Scheme: Wolfson Research Merit Awards
Organisation: Imperial College London
Dates: Apr 2010-Sep 2012
Summary: The brain is made of billions of neurons, which together form the world's most powerful information-processing machine. Somehow, these cells organize themselves into networks that coherently guide animal behavior. The idea of building learning machines along similar principles to the brain is an old one. However, despite several times when this goal seemed within reach, today’s artificial neural networks show nothing like the flexibility of the biological brain. This may indicate that there are biological processes involved in organizing neurons that are not captured in today’s theories of computational neuroscience.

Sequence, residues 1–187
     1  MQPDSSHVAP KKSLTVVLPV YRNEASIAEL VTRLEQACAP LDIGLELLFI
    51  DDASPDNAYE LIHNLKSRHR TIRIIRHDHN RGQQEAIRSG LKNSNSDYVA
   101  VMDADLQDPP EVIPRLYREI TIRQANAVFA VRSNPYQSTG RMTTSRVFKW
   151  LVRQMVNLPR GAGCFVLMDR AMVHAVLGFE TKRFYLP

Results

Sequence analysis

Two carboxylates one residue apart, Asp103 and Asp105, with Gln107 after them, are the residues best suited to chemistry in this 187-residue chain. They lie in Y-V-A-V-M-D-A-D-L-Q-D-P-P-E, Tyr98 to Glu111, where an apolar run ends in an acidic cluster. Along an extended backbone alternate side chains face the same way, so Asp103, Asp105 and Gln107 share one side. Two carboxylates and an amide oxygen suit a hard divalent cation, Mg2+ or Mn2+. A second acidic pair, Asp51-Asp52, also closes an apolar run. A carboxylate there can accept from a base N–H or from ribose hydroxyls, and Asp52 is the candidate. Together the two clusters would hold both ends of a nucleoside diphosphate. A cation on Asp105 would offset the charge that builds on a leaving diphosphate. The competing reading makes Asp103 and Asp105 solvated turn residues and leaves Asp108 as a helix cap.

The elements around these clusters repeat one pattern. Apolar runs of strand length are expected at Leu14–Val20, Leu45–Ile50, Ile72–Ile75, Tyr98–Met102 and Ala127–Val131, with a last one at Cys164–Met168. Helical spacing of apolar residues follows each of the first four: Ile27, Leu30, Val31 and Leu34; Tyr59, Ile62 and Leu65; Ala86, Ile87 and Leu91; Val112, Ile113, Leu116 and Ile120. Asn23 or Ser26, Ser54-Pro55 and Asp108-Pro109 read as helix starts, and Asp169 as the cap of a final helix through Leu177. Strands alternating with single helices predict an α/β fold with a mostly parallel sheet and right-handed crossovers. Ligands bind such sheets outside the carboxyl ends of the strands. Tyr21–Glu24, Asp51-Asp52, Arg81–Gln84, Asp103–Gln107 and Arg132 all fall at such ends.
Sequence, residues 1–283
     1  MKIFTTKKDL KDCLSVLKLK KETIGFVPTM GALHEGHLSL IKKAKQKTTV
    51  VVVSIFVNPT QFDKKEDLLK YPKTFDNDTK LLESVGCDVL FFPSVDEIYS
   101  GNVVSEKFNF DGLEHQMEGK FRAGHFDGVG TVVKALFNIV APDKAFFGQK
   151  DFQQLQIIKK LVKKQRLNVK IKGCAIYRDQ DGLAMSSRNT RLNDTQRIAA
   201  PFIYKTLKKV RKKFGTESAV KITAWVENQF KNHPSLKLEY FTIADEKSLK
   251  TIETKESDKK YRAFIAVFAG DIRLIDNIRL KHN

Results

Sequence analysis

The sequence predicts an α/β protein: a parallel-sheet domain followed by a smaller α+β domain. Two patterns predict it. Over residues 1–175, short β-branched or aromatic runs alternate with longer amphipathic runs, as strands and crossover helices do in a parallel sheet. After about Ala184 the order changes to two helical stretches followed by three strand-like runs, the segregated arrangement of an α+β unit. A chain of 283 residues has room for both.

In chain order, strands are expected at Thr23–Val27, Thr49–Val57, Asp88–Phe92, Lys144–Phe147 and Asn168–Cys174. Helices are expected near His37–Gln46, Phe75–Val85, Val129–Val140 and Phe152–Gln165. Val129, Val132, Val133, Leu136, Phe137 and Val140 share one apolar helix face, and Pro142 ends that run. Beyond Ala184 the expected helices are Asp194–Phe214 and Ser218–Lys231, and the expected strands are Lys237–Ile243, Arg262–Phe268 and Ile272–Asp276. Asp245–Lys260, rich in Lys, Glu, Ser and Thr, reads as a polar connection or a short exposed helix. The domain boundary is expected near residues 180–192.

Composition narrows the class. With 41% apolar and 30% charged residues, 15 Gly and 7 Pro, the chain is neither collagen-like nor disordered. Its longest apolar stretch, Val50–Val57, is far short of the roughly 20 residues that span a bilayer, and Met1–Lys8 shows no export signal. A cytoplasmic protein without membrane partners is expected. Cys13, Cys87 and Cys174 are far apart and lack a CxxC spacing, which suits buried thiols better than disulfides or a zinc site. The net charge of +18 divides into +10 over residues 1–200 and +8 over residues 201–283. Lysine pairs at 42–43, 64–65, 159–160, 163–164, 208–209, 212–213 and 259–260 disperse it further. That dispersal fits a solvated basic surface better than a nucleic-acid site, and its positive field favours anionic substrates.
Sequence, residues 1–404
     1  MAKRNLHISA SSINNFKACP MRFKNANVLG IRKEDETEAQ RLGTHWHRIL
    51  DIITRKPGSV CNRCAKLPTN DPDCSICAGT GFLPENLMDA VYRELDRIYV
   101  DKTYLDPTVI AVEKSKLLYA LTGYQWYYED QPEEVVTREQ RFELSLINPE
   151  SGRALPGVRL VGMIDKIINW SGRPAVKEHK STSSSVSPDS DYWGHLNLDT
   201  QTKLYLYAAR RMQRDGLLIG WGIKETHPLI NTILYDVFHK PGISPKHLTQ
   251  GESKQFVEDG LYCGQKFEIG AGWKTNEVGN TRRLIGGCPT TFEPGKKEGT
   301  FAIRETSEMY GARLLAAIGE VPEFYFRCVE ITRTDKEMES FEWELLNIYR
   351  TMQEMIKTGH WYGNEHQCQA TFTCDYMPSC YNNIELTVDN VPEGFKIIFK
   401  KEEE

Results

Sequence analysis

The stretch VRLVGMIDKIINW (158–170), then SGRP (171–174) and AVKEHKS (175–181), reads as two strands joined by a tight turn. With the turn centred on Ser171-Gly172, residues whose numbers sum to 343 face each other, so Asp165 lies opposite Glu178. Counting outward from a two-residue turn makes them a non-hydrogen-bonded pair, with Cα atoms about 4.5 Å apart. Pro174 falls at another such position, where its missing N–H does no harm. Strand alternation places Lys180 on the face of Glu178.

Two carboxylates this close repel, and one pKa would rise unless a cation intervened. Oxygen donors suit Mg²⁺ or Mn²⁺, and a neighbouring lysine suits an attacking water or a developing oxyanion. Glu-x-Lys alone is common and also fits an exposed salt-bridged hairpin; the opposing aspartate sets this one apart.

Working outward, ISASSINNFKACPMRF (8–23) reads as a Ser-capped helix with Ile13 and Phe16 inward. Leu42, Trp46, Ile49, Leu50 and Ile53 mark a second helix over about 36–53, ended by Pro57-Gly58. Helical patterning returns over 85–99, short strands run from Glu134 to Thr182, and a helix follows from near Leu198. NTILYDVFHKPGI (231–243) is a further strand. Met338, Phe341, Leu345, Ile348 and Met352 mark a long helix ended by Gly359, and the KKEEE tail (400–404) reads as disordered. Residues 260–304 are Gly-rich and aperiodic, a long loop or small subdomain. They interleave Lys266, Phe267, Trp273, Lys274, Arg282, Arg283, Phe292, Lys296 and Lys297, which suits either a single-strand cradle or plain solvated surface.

This proposal aims to test a new theory for how the brain self-organizes at a large-scale level. It is based on the hypothesis is that strengthening of a neuron's output synapses stabilizes recent changes in the same neuron's inputs. If correct, this would enable neurons to self-organize through competitive interactions, analogously to a market economy. One can think of a neuron as like an entrepreneur, using "raw materials" (the information in its inputs) to manufacture a "product" (its output). When the neuron changes its input synapses, it changes the mix of raw materials it uses, thus producing a new product. If downstream neurons "purchase" this product by listening (i.e. strengthening their own input synapses), manufacture will continue. If not, the product will be discontinued. In the economy, interactions like this allow autonomous agents (people and firms) to organize into networks. Could similar interactions organize the billions of cells in the brain into a single coherent system? We will test this with a combination of computational network analysis, and experimental neurobiology.